there's lots of them, something around 14 or so at the moment). Well,
*unless* of course, there is a specification which tells them to.

So, in short: when in doubt, lock.

jwm
 
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Charles Oliver Nutter
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      12-23-2008
Jörg W Mittag wrote:
> A couple of months ago, this actually became an issue. Originally, the
> JRuby developers had implemented Arrays to be not safe. One of the big
> selling points of JRuby was and still is the promise of true
> concurrency and better scalability. So, naturally, people wanted to
> take advantage of this feature and started running their concurrent
> programs on JRuby. And those programs crashed left and right, because
> they didn't lock their Arrays properly. So, the JRuby team decided to
> implement thread-safe data structures on their end, so that code that
> didn't crash on MRI could be run unmodified on JRuby.


Actually, we made a minimal attempt to ensure that concurrent operations
against Array were usually safe across threads but also would raise a
Ruby-land "ConcurrencyError" when concurrent changes could not be
reconciled. It's a trade-off; adding locks to all the core collections
would severely penalize performance for what's generally the rare case
of concurrent access. And really there should be a separate set of
classes with guaranteed concurrency that people can use if the
performance considerations of locking are acceptabe for safe concurrent
access.

So in short, you're absolutely right; nobody should ever rely on the
core collections to be thread-safe, even if they happen to be
thread-safe by accident in the C implementations right now. That won't
be the case on all implementations, and may not even be the case on
future versions of the C impls. The safe answer is to ensure you're
watching your own back and properly synchronizing access to shared data
structures.

- Charlie

 
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Just Another Victim of the Ambient Morality
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      12-24-2008

"Jörg W Mittag" <(E-Mail Removed)> wrote in message
news:a4cg2zmfjkh9$(E-Mail Removed)-fqdn.de...
> Just Another Victim of the Ambient Morality wrote:
>> Are all built-in objects thread safe? For example, if I have an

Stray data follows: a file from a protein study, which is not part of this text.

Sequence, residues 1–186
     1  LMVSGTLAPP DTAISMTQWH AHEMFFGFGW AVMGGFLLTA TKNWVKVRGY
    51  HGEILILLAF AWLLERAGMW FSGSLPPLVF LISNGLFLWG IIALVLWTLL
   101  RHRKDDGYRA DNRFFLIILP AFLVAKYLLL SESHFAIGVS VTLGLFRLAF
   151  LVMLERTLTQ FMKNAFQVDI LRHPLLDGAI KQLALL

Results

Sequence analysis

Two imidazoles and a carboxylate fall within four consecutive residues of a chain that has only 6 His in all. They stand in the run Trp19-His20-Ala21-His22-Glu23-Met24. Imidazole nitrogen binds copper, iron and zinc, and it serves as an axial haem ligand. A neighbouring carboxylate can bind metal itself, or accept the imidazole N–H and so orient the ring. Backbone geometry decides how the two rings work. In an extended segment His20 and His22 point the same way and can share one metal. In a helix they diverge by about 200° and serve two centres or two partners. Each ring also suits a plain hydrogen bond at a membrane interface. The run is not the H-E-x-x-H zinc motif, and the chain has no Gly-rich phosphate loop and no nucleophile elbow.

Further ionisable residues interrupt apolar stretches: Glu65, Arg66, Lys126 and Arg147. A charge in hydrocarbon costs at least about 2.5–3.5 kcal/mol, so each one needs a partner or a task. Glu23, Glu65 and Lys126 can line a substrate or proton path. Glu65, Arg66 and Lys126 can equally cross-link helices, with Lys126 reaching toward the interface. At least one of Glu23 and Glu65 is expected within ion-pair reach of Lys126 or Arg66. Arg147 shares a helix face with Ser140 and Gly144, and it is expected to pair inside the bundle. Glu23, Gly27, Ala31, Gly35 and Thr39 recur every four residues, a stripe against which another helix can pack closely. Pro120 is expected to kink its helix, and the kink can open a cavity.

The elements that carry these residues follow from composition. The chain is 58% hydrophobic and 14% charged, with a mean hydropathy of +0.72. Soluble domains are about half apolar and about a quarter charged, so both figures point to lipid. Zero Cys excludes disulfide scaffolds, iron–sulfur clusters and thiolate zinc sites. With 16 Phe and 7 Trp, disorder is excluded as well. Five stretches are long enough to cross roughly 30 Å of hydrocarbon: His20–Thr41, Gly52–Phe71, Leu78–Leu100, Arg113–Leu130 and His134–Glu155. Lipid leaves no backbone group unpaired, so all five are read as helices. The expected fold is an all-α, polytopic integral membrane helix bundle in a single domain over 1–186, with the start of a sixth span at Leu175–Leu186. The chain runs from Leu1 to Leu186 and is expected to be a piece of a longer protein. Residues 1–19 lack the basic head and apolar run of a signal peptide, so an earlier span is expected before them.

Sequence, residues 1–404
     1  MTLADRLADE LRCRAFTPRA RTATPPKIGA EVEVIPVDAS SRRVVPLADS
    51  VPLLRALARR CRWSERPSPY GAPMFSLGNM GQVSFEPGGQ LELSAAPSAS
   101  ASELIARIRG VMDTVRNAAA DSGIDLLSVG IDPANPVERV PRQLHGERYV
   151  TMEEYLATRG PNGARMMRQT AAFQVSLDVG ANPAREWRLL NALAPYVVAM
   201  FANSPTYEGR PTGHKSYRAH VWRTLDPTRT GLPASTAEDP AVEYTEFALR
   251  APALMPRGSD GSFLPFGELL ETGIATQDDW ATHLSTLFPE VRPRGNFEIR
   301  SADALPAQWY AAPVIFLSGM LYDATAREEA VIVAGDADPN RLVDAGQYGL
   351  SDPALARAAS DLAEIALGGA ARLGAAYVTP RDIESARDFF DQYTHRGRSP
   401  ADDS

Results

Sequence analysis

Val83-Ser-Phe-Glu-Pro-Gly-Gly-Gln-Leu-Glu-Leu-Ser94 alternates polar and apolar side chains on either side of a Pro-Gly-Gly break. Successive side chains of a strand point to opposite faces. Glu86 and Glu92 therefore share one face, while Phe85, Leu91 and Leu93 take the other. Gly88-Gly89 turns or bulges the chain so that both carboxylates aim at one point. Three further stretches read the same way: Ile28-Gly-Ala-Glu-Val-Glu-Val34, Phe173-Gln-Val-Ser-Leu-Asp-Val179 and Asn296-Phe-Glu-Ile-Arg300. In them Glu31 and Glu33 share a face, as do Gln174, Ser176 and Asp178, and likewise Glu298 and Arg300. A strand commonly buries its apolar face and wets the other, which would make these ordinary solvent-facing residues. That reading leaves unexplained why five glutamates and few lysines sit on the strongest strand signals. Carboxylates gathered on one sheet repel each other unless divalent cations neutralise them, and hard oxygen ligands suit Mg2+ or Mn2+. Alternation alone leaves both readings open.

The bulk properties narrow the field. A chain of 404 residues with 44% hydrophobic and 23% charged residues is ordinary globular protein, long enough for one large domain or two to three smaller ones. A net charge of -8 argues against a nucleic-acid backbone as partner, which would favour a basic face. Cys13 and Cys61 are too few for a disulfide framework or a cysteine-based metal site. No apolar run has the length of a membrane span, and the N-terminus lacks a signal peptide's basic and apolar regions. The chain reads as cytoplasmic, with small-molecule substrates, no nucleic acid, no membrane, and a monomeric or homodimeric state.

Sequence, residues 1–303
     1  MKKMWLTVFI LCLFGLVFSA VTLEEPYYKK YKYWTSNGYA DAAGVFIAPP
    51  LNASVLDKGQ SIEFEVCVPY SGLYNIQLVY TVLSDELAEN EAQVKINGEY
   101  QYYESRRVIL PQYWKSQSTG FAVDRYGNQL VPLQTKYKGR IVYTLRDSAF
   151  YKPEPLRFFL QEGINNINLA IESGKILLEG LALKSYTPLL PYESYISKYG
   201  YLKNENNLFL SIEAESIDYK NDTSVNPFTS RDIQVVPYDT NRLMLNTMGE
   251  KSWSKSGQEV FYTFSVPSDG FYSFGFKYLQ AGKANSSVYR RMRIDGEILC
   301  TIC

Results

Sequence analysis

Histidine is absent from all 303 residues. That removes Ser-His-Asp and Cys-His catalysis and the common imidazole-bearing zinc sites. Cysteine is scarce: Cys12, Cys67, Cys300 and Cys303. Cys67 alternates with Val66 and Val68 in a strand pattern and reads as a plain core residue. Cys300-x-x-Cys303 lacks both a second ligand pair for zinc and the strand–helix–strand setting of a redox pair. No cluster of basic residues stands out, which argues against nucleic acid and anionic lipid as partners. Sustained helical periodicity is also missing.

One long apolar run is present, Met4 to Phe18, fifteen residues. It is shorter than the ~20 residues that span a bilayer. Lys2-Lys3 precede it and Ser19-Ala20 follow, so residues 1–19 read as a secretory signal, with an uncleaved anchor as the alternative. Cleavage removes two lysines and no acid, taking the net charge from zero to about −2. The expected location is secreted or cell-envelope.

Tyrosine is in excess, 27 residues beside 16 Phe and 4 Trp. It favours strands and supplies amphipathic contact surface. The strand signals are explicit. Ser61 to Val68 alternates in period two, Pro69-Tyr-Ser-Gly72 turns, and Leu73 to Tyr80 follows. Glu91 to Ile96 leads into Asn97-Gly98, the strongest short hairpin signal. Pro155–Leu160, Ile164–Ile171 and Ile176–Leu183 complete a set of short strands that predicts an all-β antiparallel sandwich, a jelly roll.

>> array
>> and one thread is constant appending to it while another thread is
>> shifting
>> elements off of it and there's no synchronization going on, can the array
>> object ever get corrupted? What about a similar scenario for hashes?
>> These
>> are surely complicated objects with internal state that must be
>> maintained.
>> Are they implemented to be thread safe?

>
> This is a *very* interesting question! And it is a question that can
> ultimately *only* be answered by a formal Ruby Specification or more
> specifically a formal Ruby Memory Model.
>
> Until we have such a specification, the C source code of MRI or YARV
> is considered to be the "specfication". However, there is a problem:
> that source code can actually be interpreted several different ways.
>
> If you look at the implementations of Hash, Array and friends, you
> will see that they are not thread-safe. Ergo: the specification says
> that the user is responsible for locking Arrays and Hashes.
>
> If, however, you look at the implementation of threads, you will see
> that both MRI and YARV are actually incapable of running more than one
> thread at a time -- even on a 1000-core machine MRI and YARV will only
> ever use one core. So, since two threads can never access an Array at
> the same time, there is no need for locking. Ergo: the specification
> says that the user is *not* responsible for locking Arrays and Hashes.


I don't think this is relevant. Concurrency isn't about how many
processors you use. Multitasking systems existed long before SMP hardware
existed. Concurrency is about doing tasks concurrently. If you have one
method running and it may be preempted by another method then they are
running concurrently. If the two methods share data then they may corrupt
that data for each other. This is true regardless of how these
concurrencies, or threads, are implemented. It doesn't matter if they're
hardware supported system threads or if they're Ruby green threads...


> So, in short: when in doubt, lock.


This is the popular wisdom so this is what I will do. Better safe than
not thread-safe!



 
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Brian Candler
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      12-24-2008
Just Another Victim wrote:
> I don't think this is relevant. Concurrency isn't about how many
> processors you use. Multitasking systems existed long before SMP
> hardware
> existed. Concurrency is about doing tasks concurrently. If you have
> one
> method running and it may be preempted by another method then they are
> running concurrently. If the two methods share data then they may
> corrupt
> that data for each other. This is true regardless of how these
> concurrencies, or threads, are implemented. It doesn't matter if
> they're
> hardware supported system threads or if they're Ruby green threads...


Not exactly. Ruby green threads aren't fully pre-emptive; they will only
pre-empt at the boundaries between execution steps, not within an
execution step.

Hence the single operations @array.pop and @array.push(...) are safe
against preemption. You could consider each method call to be wrapped